Researchers from Norton Security compiled data from parent firm Symantec and found 6.7 million more bots joined the global botnet in 2016.

Bots are internet connected devices infected with malware that allow hackers to remotely take control of many devices at a time.

Whether it’s computers, smartphones, security cameras or home routers, many consumers are generally unaware their device may have been corralled into a bot master’s control.

Combined, these devices form powerful networks, called botnets, which can be used to wreak havoc online.

Sep 27 09:46

Ransomware is the top threat facing computer users as Interpol reveals massive 2017 cybercrime 'epidemic'

Ransomware eclipsed most other forms of cybercrime as on-line crime surged in 2017, European policing agency Europol said on Wednesday, citing high-profile attacks such as 'WannaCry' that reached millions of computers.

Europol coordinated several successful cross-border operations against cybercriminals last year.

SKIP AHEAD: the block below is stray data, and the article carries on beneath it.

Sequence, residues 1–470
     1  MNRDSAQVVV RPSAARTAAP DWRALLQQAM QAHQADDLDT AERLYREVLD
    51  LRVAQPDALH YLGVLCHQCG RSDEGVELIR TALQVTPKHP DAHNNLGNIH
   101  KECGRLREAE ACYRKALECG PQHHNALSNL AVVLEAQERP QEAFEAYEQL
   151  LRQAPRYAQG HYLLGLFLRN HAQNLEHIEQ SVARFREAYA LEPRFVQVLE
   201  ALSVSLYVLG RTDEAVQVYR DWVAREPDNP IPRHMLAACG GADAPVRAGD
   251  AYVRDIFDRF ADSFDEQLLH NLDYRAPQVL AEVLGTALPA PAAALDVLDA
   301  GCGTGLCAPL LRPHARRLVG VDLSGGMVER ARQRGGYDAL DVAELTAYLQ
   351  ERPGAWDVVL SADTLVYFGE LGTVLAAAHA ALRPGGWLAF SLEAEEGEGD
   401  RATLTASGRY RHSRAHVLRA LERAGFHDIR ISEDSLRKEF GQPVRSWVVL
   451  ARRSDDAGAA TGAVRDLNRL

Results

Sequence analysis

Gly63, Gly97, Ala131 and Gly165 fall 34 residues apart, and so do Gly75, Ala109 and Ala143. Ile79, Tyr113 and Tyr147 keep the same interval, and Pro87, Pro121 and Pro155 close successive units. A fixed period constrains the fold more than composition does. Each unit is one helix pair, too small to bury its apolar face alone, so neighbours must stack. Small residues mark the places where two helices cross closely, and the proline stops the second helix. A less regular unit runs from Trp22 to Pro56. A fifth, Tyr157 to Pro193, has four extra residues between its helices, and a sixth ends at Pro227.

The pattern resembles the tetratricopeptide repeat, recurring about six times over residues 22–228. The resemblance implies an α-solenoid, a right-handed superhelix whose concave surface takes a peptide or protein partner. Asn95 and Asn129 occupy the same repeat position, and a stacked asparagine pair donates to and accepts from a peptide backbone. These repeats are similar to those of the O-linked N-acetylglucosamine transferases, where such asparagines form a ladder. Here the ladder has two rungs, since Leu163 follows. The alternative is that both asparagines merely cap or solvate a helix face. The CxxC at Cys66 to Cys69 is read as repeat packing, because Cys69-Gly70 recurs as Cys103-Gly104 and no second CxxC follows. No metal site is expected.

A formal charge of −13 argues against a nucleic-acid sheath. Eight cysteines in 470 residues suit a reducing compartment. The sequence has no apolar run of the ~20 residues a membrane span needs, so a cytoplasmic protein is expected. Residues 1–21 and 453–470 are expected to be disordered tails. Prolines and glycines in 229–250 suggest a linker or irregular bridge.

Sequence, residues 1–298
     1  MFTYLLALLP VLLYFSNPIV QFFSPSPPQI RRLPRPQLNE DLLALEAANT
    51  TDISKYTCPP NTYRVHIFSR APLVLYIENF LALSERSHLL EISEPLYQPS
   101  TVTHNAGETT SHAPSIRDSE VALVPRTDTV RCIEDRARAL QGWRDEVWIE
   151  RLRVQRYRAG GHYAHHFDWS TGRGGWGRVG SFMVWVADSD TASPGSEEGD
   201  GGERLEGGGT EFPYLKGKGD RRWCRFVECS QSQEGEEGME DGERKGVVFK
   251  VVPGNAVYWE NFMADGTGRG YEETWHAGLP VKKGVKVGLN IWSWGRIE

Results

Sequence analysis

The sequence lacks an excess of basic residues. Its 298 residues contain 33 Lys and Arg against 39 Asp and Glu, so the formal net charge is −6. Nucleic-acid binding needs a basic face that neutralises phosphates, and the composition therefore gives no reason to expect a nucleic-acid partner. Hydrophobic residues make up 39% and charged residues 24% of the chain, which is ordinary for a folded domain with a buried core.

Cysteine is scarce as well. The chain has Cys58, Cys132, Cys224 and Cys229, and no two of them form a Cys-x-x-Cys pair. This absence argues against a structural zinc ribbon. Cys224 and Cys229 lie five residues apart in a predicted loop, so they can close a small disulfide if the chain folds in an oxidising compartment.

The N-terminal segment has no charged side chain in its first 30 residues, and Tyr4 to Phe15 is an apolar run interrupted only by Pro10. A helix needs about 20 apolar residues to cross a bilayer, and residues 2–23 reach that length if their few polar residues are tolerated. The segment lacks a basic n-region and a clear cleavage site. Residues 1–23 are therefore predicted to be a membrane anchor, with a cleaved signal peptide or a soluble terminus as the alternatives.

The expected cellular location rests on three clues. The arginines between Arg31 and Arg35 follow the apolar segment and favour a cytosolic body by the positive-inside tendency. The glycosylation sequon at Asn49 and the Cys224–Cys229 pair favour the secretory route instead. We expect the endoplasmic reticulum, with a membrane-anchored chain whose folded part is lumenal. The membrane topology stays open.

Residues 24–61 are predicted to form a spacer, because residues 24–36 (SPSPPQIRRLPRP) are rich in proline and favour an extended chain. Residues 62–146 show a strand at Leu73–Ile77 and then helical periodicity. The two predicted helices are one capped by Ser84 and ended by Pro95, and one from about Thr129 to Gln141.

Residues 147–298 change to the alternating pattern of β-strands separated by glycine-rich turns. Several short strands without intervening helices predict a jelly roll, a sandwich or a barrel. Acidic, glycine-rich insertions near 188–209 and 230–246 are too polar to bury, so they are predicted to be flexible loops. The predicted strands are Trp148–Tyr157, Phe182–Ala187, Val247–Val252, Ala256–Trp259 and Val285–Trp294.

But national authorities urgently need to devote more resources to targeting the developers of hacking tools, the agency's head said.

Sep 27 09:22

Deloitte is a sitting duck: Key systems with RDP open, VPN and proxy 'login details leaked'

Monday’s news that multinational consultancy Deloitte had been hacked was dismissed by the firm as a small incident.

Now evidence suggests it's no surprise the biz was infiltrated: it appears to be all over the shop, security wise.

On Tuesday, what seemed to be a collection of Deloitte's corporate VPN passwords, user names, and operational details were found lurking within a public-facing GitHub-hosted repository. These have since been removed in the past hour or so. In addition, it appears that a Deloitte employee uploaded company proxy login credentials to his public Google+ page. The information was up there for over six months – and was removed in the past few minutes.

Sep 27 09:16

Cisco polishes the axe for more HQ job cuts

Cisco is saying farewell to 310 more staff from its corporate HQ in California, according to a filing with the Worker Adjustment and Retraining Notification (WARN) system.

As part of its struggle to stay relevant in a world of cloud tech, the router and switch maker has spent the past seven years restructuring by removing people deemed to have the wrong skills and hiring new folk.

Back in May, Switchzilla confirmed its intent to chop 1,100 job worldwide, with 250 reductions earmarked for HQ in San Jose.

Sep 27 09:13

Google Researcher Publishes PoC Exploit for Apple iPhone Wi-Fi Chip Hack